remote working

Hybrid Work: Do we need to “switch off” when working remotely?

For a lot of people, working remotely provides an opportunity for deep work. This means people have the ability to focus and concentrate in a way they might not typically be able to at the office. Though this may not be the case for everyone, depending on individual remote work settings, if hybrid work is the so-called wave of the future, this begs a very important question: should the majority of work done at home be a chance for distraction-free, intense focus; and the office be a place for socialization and collaboration? Read on as we delve a bit deeper into this question.

A recent BBC article written by Christine Ro provides an eloquent breakdown of the changes in the different ways that work is being done, both remotely and in an office setting. Ro’s article reads, “A common procedure of existing hybrid companies, accelerated since the pandemic started, is to designate certain days for in-office meetings and collaboration, and remote days for work involving individual focus. Physical presence might be required for orientations, team-building and project kick-offs, but not necessarily for other work.

“We try to use home working days less for video sessions and more for the tasks that require concentration. A task that may take several hours in the office may be completed in just an hour or two at home,” says Baruch Silverman, founder of the personal finance website The Smart Investor. His company, which is based in Los Angeles, went hybrid in June. On the other hand, the company aims for sharing and synchronization on the days when employees come into the office together.”

Smartway2 enables you to implement hybrid working with ease. To see for yourself how to create a touchless, on-demand, adaptive workplace, book a demo.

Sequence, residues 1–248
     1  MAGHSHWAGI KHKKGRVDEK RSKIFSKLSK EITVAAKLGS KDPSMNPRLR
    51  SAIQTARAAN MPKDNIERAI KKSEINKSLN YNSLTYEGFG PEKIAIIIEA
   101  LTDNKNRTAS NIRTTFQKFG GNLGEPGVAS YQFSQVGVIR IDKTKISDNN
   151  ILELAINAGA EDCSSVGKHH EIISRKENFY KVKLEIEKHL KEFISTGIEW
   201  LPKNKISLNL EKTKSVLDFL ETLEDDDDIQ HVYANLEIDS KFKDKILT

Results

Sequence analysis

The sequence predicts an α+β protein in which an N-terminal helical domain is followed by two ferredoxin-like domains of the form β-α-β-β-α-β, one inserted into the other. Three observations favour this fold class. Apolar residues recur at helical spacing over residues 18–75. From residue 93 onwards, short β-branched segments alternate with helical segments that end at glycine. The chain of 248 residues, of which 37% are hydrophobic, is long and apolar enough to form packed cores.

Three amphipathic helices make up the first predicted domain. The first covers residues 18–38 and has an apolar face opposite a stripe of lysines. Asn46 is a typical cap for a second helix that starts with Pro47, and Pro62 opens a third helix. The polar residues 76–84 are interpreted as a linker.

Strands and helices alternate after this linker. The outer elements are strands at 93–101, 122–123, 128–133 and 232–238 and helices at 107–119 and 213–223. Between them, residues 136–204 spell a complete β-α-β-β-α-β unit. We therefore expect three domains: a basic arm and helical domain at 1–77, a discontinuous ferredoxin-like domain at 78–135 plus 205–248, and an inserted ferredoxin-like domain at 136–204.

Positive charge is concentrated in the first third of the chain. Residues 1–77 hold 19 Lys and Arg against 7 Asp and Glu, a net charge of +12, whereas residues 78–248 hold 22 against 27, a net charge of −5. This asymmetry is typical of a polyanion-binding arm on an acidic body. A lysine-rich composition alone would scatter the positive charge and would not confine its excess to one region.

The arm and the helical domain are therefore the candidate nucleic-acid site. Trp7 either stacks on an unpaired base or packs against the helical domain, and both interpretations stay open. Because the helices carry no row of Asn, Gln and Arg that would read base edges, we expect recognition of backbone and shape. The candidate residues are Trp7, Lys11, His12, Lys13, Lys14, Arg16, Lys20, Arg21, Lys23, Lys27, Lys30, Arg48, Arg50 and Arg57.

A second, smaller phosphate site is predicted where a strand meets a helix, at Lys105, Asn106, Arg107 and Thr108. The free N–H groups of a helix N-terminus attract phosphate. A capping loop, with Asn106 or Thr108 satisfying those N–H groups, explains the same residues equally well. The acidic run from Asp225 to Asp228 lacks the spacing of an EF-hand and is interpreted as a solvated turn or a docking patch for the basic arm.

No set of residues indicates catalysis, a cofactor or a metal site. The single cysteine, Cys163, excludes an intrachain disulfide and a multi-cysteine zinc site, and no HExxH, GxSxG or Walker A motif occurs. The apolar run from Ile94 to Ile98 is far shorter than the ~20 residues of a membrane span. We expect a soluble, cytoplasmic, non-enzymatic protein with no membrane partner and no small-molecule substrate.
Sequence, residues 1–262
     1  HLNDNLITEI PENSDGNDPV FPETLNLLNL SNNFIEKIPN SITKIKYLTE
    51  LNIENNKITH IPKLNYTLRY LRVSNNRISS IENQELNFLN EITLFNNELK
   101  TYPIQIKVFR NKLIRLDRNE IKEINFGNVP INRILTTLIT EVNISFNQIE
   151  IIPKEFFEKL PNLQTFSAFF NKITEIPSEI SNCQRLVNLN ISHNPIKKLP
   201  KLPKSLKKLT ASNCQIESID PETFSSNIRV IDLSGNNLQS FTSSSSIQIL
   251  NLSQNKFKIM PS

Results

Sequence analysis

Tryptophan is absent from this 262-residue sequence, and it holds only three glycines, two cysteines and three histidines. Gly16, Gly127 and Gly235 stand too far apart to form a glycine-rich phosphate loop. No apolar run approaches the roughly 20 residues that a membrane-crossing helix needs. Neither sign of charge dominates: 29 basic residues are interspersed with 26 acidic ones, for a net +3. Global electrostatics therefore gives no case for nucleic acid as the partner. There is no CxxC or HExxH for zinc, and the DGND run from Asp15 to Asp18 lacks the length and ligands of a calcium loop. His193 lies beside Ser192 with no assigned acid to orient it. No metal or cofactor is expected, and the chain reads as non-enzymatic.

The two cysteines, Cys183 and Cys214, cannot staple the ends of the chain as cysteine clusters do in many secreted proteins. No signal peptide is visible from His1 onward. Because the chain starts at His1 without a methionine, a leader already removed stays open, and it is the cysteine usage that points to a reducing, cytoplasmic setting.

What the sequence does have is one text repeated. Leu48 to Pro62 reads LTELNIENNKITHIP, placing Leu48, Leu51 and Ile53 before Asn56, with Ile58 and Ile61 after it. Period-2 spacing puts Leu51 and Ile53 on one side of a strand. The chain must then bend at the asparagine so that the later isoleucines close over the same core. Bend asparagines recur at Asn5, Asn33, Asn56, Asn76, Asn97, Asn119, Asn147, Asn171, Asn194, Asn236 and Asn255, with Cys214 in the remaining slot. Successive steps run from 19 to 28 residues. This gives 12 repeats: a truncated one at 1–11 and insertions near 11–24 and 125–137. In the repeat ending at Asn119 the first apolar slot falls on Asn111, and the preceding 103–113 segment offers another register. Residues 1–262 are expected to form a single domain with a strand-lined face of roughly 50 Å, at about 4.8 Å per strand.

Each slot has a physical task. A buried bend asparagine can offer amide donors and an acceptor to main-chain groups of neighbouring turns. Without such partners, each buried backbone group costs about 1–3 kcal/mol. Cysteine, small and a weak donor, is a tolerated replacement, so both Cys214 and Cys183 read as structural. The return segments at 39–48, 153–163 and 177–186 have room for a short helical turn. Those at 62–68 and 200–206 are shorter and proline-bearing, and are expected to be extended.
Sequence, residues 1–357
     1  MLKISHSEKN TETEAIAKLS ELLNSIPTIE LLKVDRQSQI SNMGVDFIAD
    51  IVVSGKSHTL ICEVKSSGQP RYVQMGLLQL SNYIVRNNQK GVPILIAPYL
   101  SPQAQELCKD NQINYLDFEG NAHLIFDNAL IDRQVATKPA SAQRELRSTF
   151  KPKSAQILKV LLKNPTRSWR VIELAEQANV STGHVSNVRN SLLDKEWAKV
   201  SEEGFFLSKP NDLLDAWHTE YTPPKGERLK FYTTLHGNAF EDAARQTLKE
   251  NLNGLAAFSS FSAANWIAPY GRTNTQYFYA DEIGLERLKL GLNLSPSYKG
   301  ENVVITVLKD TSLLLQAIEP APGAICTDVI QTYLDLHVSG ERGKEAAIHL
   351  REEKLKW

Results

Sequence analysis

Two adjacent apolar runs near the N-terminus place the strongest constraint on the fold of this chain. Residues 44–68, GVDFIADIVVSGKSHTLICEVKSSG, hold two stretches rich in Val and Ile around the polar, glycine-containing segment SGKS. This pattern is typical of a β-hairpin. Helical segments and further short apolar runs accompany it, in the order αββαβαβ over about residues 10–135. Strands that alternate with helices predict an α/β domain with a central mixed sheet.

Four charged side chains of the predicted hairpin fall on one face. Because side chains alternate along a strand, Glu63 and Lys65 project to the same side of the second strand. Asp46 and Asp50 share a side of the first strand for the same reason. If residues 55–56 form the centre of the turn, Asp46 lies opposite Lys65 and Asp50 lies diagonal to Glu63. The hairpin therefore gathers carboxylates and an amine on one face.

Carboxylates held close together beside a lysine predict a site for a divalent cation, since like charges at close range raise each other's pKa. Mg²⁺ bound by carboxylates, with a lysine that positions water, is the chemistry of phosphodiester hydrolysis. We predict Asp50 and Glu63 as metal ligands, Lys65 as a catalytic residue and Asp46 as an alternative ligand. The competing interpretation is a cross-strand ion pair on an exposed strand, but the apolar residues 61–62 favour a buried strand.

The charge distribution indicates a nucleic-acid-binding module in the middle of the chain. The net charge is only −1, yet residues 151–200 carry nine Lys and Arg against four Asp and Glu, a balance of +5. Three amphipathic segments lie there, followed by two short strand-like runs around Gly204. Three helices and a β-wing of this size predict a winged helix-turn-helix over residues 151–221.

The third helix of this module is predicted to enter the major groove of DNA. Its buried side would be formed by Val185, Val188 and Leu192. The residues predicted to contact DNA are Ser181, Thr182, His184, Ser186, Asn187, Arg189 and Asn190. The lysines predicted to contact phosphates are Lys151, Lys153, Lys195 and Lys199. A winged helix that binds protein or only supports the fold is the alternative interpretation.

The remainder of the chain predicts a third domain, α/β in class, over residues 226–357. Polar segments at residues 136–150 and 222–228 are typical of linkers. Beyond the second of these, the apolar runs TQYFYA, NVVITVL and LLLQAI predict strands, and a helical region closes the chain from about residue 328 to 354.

Limiting Distractions

There are a lot of distractions that come up when working, whether in-person or remotely, many of which are actually related to your jobs, such as email or messaging apps, video or conference calls and coworkers looking to socialize. But, if we want our employees to truly focus when working, should we reset the expectations of what it means to be “on the clock” and allow them to essentially switch off from these devices at times in a hybrid work environment?

In a world where the traditional 9 to 5 in-office model is being flipped on its head, perhaps the answer is, yes.

For employees, this might mean reaching an arrangement with their boss where they are allotted a certain amount of time to completely disconnect in order to focus and get their work done. Or, for managers, this might mean proactively building time into your employees’ schedules so they can unplug to prevent any interruptions.

Even better, is an autonomous approach, whereby employees are trusted to decide for themselves when they need to disconnect, in order to complete a chunk of deep work.

Looking for more ways to limit distractions? Here’s a great list put together by Olivia Krauth for TechRepublic, an online trade publication and social community for IT professionals, with the following list of 11 ways to eliminate distractions:

  • Play background music
  • Break up your work
  • Use a calendar or to-do list
  • Get dressed
  • Leave the house (for short breaks)
  • Create a set office
  • Batch tasks
  • Post your schedule
  • Know your distractions
  • Deal with your personal phone (This might include turning off your phone during working hours or keeping it in a place where you won’t be tempted)
  • Use visual tools to stay organized

Use Office Time for Collaboration